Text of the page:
After a hundred years as a mercenary and bounty hunter, dwarf Jari Rockjaw has his eye on a quiet life of retirement on a homestead far away. But before he can buy the farm, he needs one last bounty: the head of the most infamous dwarven reiver in Labrys. But to cut through his target’s armies, Jari needs a company of fighters, not just the help of a few battle-weary friends. As the number of vengeance seekers, rogues, and castaways grow around him, Jari’s vision of retirement soon gives way to the demands of leadership. Can this reluctant mercenary captain lead his troop of Loners to riches, revenge, and retirement?
Loners, by D. B. Bray and Wahida Clark, may be touted as “a humorous action adventure”, but, make no mistake, the humor comes straight from the gallows. Jari’s tale swings far away from the humor of a Discworld, choosing instead the grim of a grim dark fantasy. But Loners is grim-dark with heart, focusing on the nobility of comradeship as the bonds between Jari and his mercenaries are tested and grow stronger. Hard fighting and harder perils are punctuated by soldiery banter, and the revolving door of hirings and deaths never reduces the characters to faceless names. Bray and Clark might be too fond of the rogue and hidden prince trope, but the main weakness is that Jari and the Loners are swept along by the tide of subquests from set piece to set piece, instead of active participants in their story. But the grim adventures with gold under the grime do not fall into excess, and provide a satisfying tour of an embattled yet hopeful perseverance.
E-rank hunter Jinwoo Sung may be the unluckiest hunter in all of Korea. Certainly, he is the weakest and most pitied. But when a group hunt through a rare and lethal dungeon leaves Jinwoo bleeding out, a strange voice gives him a choice and a second chance. Jinwoo now finds himself revived, with a host of new and daily quests, a stat sheet, and a sudden boost of power as he gains levels. But what will this once weak hunter do with his new-found strength? Find riches? Settle scores? Get the girl? And what new rivals might emerge from the shadows?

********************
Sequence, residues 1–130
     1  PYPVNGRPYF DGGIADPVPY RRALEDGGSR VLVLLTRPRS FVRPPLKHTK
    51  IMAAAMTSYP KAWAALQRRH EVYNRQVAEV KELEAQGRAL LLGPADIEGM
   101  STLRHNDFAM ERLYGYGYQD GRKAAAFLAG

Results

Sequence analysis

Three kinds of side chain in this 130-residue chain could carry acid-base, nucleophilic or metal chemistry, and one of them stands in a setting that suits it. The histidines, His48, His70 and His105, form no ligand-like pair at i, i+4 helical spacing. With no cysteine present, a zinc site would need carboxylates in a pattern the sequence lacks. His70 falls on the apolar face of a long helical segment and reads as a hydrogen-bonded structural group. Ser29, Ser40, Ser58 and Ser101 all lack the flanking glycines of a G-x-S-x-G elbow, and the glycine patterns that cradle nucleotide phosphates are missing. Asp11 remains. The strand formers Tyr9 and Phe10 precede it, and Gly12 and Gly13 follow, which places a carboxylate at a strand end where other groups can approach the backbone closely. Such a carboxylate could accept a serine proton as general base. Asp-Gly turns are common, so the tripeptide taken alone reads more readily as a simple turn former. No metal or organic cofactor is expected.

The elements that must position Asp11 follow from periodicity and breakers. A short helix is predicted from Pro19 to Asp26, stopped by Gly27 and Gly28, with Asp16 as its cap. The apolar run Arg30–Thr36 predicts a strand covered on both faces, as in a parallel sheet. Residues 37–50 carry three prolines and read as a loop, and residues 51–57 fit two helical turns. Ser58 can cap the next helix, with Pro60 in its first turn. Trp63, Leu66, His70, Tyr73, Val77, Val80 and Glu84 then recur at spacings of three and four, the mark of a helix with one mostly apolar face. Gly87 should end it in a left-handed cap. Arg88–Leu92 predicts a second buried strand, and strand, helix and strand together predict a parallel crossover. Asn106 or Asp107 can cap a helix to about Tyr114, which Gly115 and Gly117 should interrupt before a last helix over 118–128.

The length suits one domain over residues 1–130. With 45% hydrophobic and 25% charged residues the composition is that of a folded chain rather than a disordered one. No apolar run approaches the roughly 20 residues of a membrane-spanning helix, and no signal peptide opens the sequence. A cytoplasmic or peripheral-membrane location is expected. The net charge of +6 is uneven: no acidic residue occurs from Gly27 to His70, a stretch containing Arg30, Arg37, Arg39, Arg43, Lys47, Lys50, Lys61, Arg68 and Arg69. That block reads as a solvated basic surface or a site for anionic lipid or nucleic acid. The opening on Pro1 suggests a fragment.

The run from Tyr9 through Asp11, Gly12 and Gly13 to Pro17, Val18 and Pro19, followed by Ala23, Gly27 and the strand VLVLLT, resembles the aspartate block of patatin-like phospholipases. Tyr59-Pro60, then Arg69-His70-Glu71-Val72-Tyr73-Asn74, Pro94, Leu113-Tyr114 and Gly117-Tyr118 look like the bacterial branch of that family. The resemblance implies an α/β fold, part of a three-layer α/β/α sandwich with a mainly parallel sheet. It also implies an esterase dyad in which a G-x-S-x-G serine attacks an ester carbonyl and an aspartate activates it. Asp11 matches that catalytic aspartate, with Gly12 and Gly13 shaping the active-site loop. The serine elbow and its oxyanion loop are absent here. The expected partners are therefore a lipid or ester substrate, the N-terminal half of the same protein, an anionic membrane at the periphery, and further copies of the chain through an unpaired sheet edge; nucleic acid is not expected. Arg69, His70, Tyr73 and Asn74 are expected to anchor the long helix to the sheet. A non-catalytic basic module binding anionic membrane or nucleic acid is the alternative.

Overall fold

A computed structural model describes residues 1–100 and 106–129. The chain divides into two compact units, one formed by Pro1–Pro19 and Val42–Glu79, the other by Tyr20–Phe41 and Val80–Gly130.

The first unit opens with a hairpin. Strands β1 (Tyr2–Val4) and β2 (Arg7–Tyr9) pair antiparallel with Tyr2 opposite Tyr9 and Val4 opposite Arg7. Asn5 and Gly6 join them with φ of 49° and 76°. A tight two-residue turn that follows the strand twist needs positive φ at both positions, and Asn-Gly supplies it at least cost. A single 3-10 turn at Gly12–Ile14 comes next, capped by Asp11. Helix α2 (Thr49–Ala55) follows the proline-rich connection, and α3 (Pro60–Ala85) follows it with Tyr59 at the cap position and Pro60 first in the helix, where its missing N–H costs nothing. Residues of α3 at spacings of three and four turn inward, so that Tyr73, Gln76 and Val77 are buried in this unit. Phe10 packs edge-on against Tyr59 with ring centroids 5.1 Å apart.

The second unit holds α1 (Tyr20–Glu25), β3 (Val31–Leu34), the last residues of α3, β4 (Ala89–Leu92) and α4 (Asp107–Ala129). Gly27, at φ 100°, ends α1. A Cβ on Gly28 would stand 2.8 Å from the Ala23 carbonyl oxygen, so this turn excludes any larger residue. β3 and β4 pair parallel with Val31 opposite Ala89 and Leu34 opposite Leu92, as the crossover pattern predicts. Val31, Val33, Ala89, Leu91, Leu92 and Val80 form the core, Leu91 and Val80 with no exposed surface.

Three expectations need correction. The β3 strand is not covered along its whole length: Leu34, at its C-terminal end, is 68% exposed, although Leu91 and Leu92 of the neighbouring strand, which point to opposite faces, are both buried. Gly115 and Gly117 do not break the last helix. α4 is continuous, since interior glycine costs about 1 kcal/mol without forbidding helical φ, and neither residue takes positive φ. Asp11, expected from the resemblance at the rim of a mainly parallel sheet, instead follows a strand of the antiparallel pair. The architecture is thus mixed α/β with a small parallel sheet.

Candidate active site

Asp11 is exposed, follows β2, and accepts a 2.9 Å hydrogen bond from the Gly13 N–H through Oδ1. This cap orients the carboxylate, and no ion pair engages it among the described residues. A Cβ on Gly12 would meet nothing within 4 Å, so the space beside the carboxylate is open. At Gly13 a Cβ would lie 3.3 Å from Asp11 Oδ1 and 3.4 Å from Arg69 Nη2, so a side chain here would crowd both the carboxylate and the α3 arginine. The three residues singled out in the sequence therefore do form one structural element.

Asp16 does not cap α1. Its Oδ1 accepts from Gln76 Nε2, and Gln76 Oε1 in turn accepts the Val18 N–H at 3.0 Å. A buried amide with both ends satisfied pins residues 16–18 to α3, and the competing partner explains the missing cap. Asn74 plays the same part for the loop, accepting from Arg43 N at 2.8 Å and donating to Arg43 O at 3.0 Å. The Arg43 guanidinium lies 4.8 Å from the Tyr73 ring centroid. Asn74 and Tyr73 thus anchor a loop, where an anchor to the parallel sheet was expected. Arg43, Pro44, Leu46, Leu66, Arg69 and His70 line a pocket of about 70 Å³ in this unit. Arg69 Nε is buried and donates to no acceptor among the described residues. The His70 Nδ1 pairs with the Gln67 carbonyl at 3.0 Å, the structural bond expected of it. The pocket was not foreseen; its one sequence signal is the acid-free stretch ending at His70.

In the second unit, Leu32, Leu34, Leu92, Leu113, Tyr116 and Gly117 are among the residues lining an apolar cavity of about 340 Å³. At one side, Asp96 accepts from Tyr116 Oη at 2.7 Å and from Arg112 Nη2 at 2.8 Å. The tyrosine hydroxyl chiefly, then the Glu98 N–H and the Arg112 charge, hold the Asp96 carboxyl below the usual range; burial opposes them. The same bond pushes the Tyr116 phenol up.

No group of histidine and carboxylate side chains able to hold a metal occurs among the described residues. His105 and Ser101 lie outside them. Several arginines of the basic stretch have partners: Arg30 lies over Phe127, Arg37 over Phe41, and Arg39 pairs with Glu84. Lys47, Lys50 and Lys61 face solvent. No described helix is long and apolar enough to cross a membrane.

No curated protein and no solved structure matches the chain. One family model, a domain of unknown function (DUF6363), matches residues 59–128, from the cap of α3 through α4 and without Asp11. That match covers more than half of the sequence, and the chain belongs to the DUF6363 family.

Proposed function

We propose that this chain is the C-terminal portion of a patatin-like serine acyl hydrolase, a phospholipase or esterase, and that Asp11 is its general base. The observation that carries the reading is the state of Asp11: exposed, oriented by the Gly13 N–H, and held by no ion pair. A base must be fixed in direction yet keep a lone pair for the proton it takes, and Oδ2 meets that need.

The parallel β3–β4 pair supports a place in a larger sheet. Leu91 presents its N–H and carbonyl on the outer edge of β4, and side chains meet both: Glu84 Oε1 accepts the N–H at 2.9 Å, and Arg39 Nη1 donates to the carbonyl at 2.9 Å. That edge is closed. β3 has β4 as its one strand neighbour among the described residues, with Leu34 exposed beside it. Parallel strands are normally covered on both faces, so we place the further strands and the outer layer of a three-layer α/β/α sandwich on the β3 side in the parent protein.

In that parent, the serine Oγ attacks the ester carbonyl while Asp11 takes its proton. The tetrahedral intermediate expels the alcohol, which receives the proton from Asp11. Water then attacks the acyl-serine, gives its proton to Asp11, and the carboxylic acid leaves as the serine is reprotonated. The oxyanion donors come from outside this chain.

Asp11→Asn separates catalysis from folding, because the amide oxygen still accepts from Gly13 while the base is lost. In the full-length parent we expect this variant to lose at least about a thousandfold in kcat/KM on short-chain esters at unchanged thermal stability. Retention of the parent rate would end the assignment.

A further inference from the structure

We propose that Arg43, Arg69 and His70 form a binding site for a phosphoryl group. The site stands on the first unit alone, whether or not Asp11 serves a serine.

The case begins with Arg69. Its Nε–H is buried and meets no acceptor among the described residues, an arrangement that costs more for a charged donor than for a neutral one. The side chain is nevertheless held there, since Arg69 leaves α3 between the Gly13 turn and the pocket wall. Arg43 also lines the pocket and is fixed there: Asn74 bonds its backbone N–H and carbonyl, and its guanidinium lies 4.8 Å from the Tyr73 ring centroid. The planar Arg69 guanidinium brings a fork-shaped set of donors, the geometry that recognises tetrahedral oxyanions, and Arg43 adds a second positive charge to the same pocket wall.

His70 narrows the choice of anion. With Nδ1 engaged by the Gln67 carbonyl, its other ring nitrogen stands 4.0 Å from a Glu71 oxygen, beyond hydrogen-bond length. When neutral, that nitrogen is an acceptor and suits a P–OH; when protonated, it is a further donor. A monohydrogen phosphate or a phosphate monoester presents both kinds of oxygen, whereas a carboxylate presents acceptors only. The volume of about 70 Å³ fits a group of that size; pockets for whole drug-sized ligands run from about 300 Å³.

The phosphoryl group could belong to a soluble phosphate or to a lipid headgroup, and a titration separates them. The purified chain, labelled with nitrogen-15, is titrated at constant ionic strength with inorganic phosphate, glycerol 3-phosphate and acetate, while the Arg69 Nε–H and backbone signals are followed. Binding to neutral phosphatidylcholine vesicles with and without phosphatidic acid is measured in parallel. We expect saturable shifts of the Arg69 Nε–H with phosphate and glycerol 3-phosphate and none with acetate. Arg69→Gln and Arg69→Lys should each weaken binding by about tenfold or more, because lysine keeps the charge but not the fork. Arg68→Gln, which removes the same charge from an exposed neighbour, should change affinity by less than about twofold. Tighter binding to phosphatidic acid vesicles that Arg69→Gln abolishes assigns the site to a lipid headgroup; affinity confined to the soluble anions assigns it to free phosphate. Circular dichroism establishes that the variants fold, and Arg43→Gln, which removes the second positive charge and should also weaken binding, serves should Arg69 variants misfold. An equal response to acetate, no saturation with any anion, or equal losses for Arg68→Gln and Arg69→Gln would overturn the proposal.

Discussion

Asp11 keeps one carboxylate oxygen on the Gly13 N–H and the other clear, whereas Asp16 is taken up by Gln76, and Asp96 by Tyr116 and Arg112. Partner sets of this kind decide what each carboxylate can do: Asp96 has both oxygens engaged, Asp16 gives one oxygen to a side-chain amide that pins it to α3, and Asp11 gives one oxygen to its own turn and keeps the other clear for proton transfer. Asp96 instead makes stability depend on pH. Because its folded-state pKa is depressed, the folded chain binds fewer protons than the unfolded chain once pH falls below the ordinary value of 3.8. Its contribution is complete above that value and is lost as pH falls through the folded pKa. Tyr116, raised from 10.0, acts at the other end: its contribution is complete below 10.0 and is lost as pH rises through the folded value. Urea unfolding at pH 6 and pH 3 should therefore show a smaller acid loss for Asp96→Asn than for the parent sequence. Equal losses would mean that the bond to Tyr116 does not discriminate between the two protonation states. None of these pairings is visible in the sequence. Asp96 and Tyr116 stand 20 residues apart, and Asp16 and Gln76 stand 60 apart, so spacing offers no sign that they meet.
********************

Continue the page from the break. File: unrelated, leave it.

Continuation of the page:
When released in English, Chugong’s Solo Leveling arrived with fanfare in light novel circles. Honestly, it’s hard to see why. Solo Leveling is an average litRPG in an oversaturated light novel and litRPG market. And average just is not good enough. Solo Leveling does balance the interruptions caused by stat sheets quite well, as, unlike most litRPG heroes, Jinwoo is more concerned with what power can get him instead of exploring the intricacies of the ruleset thrust upon him. As such, Solo Leveling serves as an illustration of the difference between power fantasies and progression fantasies. In some ways, the use of power for an end instead of as a means humanizes Jinwoo more than his Western counterparts, who are caught up in munchkinning their way through their stories. But the naked thirst for power and what it can seize can be cause for a shower, even if Jinwoo does not take his pursuit into the hedonistic excess so common in power fantasy.